d. G-‐Unit 6. Who hosted the first party that introduced the Bronx to Hip hop? _____________________________________________________________________________________________ 7. What are 2 of the elements of Hip Hop? _____________________________________________________________________________________________ ______________________________________________________________________________________________ 8. What does LL Cool J name stand for? _____________________________________________________________________________________________ 9. Queen Latifah had a song called Ladies First…Who was the other female rapper on that song? _________________________________________ 10. Who have sold the most Rap albums in the United States? ________________________________________
Contact Vito Antonio for beats Facebook: https://www.facebook.com/LeftyDidIt.VitoAntonio Or http://www.soundcloud.com/leftydidit
http://www.itsmyurls.com/drok http://www.youtube.com/user/drokthe menace
1. A 2. Tupac and Biggie 3. The Beastie Boys 4. Wonder Mike, Master G, Big Band Hank 5. A 6. Kool Herc 7. B-‐Boys (girls), Mc, graffiti artist, Djs 8. Ladies love Cool James 9. Monie Love 10. Tupac
Dom Kennedy Dom Kennedy is an underground recording artist from Leimert Park, Los Angels, Ca. He is known for his very simple lyrics, smooth sound and flow, and for rapping over slower beats than the average rapper. He first came onto the scene with his debut album 25th Hour in 2008, since then he始s released six more mixtapes [Including Young Nation which is actually an OpM mixtape] and an album called From the Westside With Love II. He is currently working on his next album titled Get Home Safe due out this spring, considering spring is almost over, we should get our hands on that work very
soon. Dom Kennedy has also had his hands more on the business side of the underground hip hop industry, starting his own record label The Other People始s Money Company, Inc. The name of the company is usually shortened to The OpM Company or simply OpM. Young Nation was the first mixtape released through Dom始s label, Get Home Safe should be the second. If you listen to most the work Dom has done up until this point, you can say that he found his trademark sound on the mixtape From the Westside with Love. Since that mixtape,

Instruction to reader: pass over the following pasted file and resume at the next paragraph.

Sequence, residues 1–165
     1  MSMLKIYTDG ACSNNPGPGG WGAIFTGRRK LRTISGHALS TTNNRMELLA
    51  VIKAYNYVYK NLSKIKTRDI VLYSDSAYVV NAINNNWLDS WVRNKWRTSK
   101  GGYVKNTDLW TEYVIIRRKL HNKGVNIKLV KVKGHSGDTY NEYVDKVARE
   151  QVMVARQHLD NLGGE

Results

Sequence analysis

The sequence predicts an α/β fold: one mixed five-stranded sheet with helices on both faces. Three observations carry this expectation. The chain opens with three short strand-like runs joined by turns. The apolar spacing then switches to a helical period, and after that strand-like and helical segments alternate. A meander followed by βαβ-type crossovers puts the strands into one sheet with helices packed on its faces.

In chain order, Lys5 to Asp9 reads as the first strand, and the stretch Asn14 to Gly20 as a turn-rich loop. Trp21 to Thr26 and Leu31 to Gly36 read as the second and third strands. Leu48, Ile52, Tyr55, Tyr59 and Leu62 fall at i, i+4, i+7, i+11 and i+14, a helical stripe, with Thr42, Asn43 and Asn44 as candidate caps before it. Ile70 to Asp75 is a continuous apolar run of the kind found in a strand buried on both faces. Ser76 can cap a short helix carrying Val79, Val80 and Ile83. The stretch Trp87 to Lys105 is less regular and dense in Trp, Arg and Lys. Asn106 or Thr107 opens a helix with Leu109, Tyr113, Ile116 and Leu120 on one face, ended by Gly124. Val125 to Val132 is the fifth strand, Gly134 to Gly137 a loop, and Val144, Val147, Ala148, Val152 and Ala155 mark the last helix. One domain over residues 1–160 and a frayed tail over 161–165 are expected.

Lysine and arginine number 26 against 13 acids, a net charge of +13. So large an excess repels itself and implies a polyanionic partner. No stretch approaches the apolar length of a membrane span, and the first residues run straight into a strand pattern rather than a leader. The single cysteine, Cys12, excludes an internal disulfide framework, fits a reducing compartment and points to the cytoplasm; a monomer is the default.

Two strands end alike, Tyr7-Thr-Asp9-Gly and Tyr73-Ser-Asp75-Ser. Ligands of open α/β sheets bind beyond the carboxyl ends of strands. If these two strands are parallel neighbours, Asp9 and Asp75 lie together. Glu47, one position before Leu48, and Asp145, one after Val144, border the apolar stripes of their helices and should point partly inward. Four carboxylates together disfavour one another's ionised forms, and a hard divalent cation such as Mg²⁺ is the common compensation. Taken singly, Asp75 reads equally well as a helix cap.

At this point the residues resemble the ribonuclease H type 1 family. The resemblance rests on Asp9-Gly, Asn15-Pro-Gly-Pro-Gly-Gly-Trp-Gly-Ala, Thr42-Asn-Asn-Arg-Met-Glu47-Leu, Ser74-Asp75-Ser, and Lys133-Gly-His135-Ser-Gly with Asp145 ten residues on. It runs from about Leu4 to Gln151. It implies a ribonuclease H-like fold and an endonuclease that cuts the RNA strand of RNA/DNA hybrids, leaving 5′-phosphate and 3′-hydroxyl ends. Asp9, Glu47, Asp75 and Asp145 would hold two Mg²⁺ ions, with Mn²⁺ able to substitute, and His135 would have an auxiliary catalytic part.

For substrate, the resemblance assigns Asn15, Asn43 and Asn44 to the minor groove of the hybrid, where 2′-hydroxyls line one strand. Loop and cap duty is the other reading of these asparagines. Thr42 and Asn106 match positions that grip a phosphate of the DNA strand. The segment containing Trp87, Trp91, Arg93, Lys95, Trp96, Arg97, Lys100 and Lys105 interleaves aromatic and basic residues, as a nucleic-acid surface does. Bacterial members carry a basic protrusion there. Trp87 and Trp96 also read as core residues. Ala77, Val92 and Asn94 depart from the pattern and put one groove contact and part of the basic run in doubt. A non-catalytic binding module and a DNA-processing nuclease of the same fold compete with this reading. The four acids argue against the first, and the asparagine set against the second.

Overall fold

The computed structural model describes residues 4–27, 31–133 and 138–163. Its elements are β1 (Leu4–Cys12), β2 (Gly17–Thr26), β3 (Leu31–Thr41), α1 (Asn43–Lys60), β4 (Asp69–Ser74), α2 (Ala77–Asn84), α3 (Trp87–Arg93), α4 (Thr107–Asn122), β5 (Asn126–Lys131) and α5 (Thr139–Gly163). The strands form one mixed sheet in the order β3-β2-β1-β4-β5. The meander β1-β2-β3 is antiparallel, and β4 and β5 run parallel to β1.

not much about the man has changed. Dom Kennedy is the sound of the west coast, his music sounds like a trip to the beach and in some cases, a trip down the wrong street in the wrong colors. He has worked with plenty of artists in LAʼs underground as well as other underground artists from different areas. You can hear Domʼs laid back style of rapping on Kendrick Lamarʼs mixtapes, Big Seanʼs Iʼm Out Here, Overdozʼs mixtapes, Dom has even worked with Kid Cudi before he was a household name. The biggest question surrounding Domʼs long and consistent underground hip hop career is when the big hit will occur. He claims he will be underground forever in his music and so far has kept that promise, even while showing up on BETʼs Hip Hop Awards in a cypher and making big appearances at music festivals such as Paid Dues and Rock the Bells. TO SELL OUT OR NOT TO SELL OUT This is a problem most artists face, but what is a sell out? Is selling out a bad thing? A short film by The Canadian Broadcasting Company called Rhyme Pays highlights this issue. Before we can get into that type of discussion, we must define what a sell out is considering many people have many different opinions.Rhyme Pays opens up a new world of trouble for artists and labels because it shows a strategist looking to plug in his advertising into rap songs. This happens constantly in the entertainment industry but is seen as taboo in the hip hop world because of hip hopʼs roots, Damon Dash mentions this toward the end of the documentary but seems to think people look down on it because its hip hop and everyone has a problem with hip hop. I do not agree